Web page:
Jacqueline Lawton: How long have you lived and worked as a playwright in DC? What brought you here? Why have you stayed?
Kitty Felde: I moved to DC from LA in March of 2009 and immediately set out to find Washington's theatre and playwriting community. Step one was becomming a Helen Hayes judge and seeing every theatre in town. Step two was finding a writing group. I came to DC to create the Washington bureau (me) for public radio station KPCC, Southern California Public Radio, based in Pasadena. I cover Capitol Hill for them. I stay because my day job work is still here and because my husband is a policy wonk with an expertise in nuclear disarmament and because DC is a great theatre town!
JL: Have you ever been a member of a DC area playwrights writing group? If so, did you find it useful? Would you recommend that other playwrights join them?
KF: I miss several things about LA: better summer weather, the beach, fresh produce in winter, and my playwrights lab at Ensemble Studio Theatre Los Angeles. Couldn't do much about the first three, but I was lucky to discover the Playwrights Gymnasium, headed by DW Gregory. It only meets monthly, but provides me with feedback, encouragement, criticism, and a community of writers. Not everyone needs this, but it's invaluable to me. I also have a weekly writing session with a playwright buddy I met at the Great Plains Theatre Conference several years ago, Omaha writer Ellen Struve. We meet on skype to share about 15 pages and kick each others' butts about submitting.
JL: In DC, we have the Capital Fringe Festival, the Intersections Festival, the Source Theatre Festival, the Kennedy Center's Page-to-Stage Festival, the Black Theater Festival, and the Hip Hop Theatre Festival. We also have the Mead Lab at Flashpoint Theater Lab Program. Have you participated in any of these? If so, can you speak about your experience?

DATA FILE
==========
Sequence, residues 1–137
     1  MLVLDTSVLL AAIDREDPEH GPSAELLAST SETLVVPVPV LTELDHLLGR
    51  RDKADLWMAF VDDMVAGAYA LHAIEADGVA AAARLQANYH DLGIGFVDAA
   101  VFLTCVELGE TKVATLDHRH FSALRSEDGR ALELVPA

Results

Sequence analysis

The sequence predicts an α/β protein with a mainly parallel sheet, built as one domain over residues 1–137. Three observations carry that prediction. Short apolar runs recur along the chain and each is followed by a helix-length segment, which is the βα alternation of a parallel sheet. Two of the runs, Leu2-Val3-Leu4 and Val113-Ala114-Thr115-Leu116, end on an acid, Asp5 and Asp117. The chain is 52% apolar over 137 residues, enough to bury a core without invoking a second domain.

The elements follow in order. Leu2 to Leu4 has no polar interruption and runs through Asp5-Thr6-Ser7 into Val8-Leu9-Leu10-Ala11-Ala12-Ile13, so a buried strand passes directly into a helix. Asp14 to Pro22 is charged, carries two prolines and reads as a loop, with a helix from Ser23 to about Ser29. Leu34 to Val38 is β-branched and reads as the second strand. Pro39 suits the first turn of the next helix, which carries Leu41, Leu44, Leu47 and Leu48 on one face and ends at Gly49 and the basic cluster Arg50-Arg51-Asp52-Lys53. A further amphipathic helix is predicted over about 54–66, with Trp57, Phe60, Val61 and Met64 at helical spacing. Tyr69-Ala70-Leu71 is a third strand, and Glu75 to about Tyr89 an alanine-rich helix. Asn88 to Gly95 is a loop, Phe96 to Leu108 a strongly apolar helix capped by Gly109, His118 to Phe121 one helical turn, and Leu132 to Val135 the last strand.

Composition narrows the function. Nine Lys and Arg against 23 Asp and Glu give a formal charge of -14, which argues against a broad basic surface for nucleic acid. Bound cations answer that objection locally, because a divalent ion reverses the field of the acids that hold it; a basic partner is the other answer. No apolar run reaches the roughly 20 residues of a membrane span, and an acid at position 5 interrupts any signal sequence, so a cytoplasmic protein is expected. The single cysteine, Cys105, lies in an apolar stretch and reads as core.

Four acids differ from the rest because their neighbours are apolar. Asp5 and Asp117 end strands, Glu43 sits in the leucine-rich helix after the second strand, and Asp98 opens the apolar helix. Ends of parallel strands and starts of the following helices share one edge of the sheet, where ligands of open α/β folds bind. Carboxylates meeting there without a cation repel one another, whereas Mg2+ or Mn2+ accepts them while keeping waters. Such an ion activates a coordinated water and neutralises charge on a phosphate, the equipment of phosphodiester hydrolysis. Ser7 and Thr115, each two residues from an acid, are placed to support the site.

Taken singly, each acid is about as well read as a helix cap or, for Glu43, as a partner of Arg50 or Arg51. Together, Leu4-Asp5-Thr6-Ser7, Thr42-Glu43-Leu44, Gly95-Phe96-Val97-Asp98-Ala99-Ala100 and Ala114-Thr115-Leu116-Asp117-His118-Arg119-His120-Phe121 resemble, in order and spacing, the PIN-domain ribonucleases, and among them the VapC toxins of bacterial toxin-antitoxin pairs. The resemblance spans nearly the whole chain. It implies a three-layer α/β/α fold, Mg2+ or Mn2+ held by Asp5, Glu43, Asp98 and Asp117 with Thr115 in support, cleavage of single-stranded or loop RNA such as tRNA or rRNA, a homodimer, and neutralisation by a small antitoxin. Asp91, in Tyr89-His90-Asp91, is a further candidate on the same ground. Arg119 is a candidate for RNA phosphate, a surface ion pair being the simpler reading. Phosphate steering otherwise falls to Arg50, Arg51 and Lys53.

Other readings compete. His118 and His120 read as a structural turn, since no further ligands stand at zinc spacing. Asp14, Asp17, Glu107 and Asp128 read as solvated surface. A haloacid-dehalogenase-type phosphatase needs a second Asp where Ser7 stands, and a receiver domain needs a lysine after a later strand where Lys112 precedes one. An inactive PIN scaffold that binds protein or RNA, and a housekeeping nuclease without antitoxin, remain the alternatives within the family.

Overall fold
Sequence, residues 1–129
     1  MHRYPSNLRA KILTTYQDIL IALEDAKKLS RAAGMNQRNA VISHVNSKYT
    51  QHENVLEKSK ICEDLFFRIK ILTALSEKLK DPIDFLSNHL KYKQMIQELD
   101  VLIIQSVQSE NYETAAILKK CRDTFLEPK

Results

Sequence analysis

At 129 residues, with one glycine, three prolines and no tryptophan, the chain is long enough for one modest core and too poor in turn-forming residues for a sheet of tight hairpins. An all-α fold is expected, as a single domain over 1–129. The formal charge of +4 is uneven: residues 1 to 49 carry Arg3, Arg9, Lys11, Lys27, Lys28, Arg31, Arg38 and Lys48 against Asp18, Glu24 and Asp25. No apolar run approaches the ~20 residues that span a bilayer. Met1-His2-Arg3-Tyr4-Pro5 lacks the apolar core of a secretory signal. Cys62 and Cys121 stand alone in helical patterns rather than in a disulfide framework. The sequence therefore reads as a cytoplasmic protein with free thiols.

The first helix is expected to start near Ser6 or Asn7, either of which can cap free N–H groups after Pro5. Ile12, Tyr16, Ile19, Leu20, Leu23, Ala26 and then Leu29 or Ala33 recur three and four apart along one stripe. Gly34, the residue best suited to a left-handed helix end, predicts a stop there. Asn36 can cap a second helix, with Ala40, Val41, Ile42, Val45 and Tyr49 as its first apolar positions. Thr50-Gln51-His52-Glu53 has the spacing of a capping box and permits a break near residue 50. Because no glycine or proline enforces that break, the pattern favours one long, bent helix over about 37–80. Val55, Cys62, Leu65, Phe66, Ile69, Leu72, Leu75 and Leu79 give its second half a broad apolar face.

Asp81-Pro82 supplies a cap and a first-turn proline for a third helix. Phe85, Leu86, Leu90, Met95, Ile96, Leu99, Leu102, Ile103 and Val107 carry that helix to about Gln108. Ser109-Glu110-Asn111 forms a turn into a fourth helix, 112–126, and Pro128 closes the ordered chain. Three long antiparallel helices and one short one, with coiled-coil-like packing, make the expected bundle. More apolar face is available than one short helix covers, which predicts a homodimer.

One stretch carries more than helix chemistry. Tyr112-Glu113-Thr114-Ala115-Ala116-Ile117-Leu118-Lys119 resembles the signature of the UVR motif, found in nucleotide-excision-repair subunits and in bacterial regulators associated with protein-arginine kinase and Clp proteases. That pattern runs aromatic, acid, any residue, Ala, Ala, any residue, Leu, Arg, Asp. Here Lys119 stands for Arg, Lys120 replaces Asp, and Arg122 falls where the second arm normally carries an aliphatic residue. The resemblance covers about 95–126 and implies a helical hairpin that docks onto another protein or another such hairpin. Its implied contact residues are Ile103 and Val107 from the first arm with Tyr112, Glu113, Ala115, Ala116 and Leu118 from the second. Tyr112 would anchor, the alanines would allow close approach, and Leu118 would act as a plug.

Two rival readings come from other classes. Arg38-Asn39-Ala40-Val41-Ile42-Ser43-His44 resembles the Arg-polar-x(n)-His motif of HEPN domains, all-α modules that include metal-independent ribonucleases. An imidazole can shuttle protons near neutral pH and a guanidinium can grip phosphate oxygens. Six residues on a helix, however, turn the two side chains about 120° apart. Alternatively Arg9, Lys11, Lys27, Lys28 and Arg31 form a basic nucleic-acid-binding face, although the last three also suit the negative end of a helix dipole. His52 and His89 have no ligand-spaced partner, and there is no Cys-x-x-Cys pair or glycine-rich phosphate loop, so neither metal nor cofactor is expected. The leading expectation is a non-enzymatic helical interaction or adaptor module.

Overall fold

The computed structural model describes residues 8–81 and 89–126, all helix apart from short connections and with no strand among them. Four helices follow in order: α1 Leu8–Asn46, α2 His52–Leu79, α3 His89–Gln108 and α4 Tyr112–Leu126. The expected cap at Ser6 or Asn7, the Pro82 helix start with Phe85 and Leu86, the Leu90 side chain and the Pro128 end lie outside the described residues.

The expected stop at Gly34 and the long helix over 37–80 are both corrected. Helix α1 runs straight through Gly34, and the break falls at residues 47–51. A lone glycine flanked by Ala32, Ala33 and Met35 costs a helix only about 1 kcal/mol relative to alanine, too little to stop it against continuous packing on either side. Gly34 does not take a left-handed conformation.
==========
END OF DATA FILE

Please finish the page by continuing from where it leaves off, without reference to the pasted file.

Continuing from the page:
KF: I've applied for both Source and Mead Lab and made the finals, but no go. However, last summer I plunged in and put up a show for Fringe - my one-woman show with a ghost ALICE, an evening with the tart-tongued daughter of Theodore Roosevelt. It was the perfect show for DC: hometown girl, political sniping, very funny. I hate producing. I co-founded Theatre of NOTE in LA and served as Managing Director for six years. I should have remembered that I hate producing. But I do know how to do it. And ALICE was quite the hit: we played to sold-out houses (there was even a fight in the lobby the last performance; I told a few folks they could stand in the back if they promised to help strike the set!) and the Washington Post made us a "critic's pick." We even made a bit of money.
JL: What kind of work do you do to pay the bills? How do you balance this work with your writing?
KF: My day job is as a public radio reporter, covering California issues and people, mostly on Capitol Hill. It's stressful, and because my station is three hours later, my days can stretch into the evening. Finding writing time has been a challenge. I should get up in the morning and write. But instead, I feel the need to read the paper, Politico, The Hill, tweets, blogs, etc. and my brain gets stuck in day job mode. When I'm cooking on a play, I'll write at dusk, sometimes in the windowed stairwell of my high rise, watching the sky turn dark. But it's tough. And this year's been tough.
JL: How many plays have you had produced in the DC area? Were any of these plays self-produced? If so, where and what did you learn from that experience?
KF: My only full DC production was ALICE. But I've had readings of other plays as well - THE LUCKIEST GIRL at MetroStage and Baltimore Playwrights Festival; TOP OF THE HOUR at Baltimore Playwrights Festival, A PATCH OF EARTH at Busboys and Poets as part of the Beltway Drama Series, and most recently, LAKE TITICACA as part of Theater J's 5 by 5 Festival.